Sometimes the razamataz of the carousel hides what's really important. It's not the treadmill of achieving bigger and better. What matters is family and friends, real people in real predicaments.
Recently on visit to the city of Paris, a carousel caught my eye. Well it didn't so much as catch my eye, as hypnotise me. It was twirling at the bottom of a hill on which the Sacre Coeur stands. The flood of childhood memories at Goose Fair, the swirl of colours, the dancing horses, the lights and the music, momentarily eclipsed the majestic beauty of the basilica in the background. I paid my euros, climbed aboard and rode my horse, smiling widely, feet swinging and blouse billowing.
It was only after leaving, that I'd learned that I'd missed Place du Tertre, the artists' district at the back of the basilica. Fortunately, I had time to return a couple of days later. How could the mesmerizing carousel have made me miss the real beauty and culture of the place? I'd literally had my head turned and had missed the wider picture.
I discovered narrow cobbled alleyways, incense drifting from doorways, street artists mixing paints - vermillion and chartreuse. I drank coffee over-looking Au Lapin Agile, where the Impressionist painters socialised in another era, conjuring up a heady mix of romanticism and seediness. Place du Tertre is immortalised by the likes of Picasso, Renoir and Toulouse Lautrec as their ghosts wander the alleyways and weather-worn ancient steps. The sun shone, garlic wafted like a delicious perfume and blossoms frothed. I shared a picnic on the hill, listening to a distant violinist serenading into the evening, and stayed until the night grew dark and the city sparkled with light.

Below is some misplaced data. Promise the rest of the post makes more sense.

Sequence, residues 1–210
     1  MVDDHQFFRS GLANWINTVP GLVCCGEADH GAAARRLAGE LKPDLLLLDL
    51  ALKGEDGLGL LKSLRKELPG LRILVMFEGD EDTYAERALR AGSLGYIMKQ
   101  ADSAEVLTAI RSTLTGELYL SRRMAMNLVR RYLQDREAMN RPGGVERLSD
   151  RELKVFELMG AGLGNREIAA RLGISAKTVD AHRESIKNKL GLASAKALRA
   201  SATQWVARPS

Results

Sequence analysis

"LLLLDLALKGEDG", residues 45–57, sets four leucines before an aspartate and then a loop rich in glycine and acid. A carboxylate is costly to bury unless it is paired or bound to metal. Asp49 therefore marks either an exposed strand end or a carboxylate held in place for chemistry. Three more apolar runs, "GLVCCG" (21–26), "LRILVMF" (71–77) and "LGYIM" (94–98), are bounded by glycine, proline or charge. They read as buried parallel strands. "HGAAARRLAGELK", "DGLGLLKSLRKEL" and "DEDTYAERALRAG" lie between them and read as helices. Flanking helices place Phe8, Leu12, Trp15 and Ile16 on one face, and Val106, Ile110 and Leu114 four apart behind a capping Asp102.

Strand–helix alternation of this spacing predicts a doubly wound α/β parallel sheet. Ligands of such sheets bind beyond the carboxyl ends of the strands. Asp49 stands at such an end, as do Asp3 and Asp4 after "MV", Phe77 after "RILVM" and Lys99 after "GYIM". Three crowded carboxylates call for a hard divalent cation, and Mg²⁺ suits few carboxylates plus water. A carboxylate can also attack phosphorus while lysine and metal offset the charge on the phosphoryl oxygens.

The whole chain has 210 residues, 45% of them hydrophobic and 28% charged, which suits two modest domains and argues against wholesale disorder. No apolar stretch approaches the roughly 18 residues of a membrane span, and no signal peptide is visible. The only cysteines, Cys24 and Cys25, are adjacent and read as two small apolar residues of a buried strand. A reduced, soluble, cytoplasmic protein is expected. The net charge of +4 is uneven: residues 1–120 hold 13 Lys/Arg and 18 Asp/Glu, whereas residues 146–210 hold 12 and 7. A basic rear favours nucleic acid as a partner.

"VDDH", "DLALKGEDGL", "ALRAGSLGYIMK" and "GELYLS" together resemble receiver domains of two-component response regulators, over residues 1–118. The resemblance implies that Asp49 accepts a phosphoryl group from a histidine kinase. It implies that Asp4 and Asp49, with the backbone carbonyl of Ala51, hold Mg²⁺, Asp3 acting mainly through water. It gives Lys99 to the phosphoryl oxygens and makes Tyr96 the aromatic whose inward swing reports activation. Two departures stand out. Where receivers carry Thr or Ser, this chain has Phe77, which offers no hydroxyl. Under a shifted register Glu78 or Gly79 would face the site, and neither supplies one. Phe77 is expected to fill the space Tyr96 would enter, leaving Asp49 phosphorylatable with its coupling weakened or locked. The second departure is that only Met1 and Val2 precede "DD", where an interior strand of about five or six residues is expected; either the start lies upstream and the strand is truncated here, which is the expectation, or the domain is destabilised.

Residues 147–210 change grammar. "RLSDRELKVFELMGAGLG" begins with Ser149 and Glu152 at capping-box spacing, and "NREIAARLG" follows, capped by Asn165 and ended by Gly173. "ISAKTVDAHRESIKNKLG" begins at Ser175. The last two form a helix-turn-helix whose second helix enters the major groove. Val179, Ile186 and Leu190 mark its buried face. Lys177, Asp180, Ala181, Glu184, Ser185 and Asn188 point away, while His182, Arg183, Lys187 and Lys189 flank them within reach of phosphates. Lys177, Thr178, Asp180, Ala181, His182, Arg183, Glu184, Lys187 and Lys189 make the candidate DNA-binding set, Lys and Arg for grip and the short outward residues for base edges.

Life does have its ups and downs, like the carousel. But I suppose it's looking beyond the obvious which is what really matters. Distractions pull at us like rose thorns, but I'm learning to be patient and accept that I only have a limited amount of control. I can write a book, I can polish it until I can recite paragraphs at a time from memory. I'm in control of when to post it and to whom I send it. But then - luck, serendipity, a happy chance, a lucky break? It's out of my hands. My competition entry wins first place, one of my children stumbles in life, I win a trophy, I lose a friend, I take photographs of the basilica, I leave my camera - somewhere in Paris.
As I'm waiting to hear if a publisher wants to take on my novel, I'm keeping busy on my second book, but also taking the time to look beyond the would-be colourful book cover, the success and am I allowed to say, the pride? I'm enjoying the process. I've made new friends at writing groups and pushed myself to do things outside of my comfort zone. I've read in public, held conversations with CEOs of literary agencies, I've asked questions, travelled alone for research and learned to take notice of more than what my eyes are showing me.
I'm dizzy with anticipation and hope that I may one day be offered a thrilling ride on the literary merry-go-round. Will I remain calm! Oh no. I'll jump aboard, blouse billowing whilst I holler and whoop!
But I'll definitely keep my eye on the wider picture.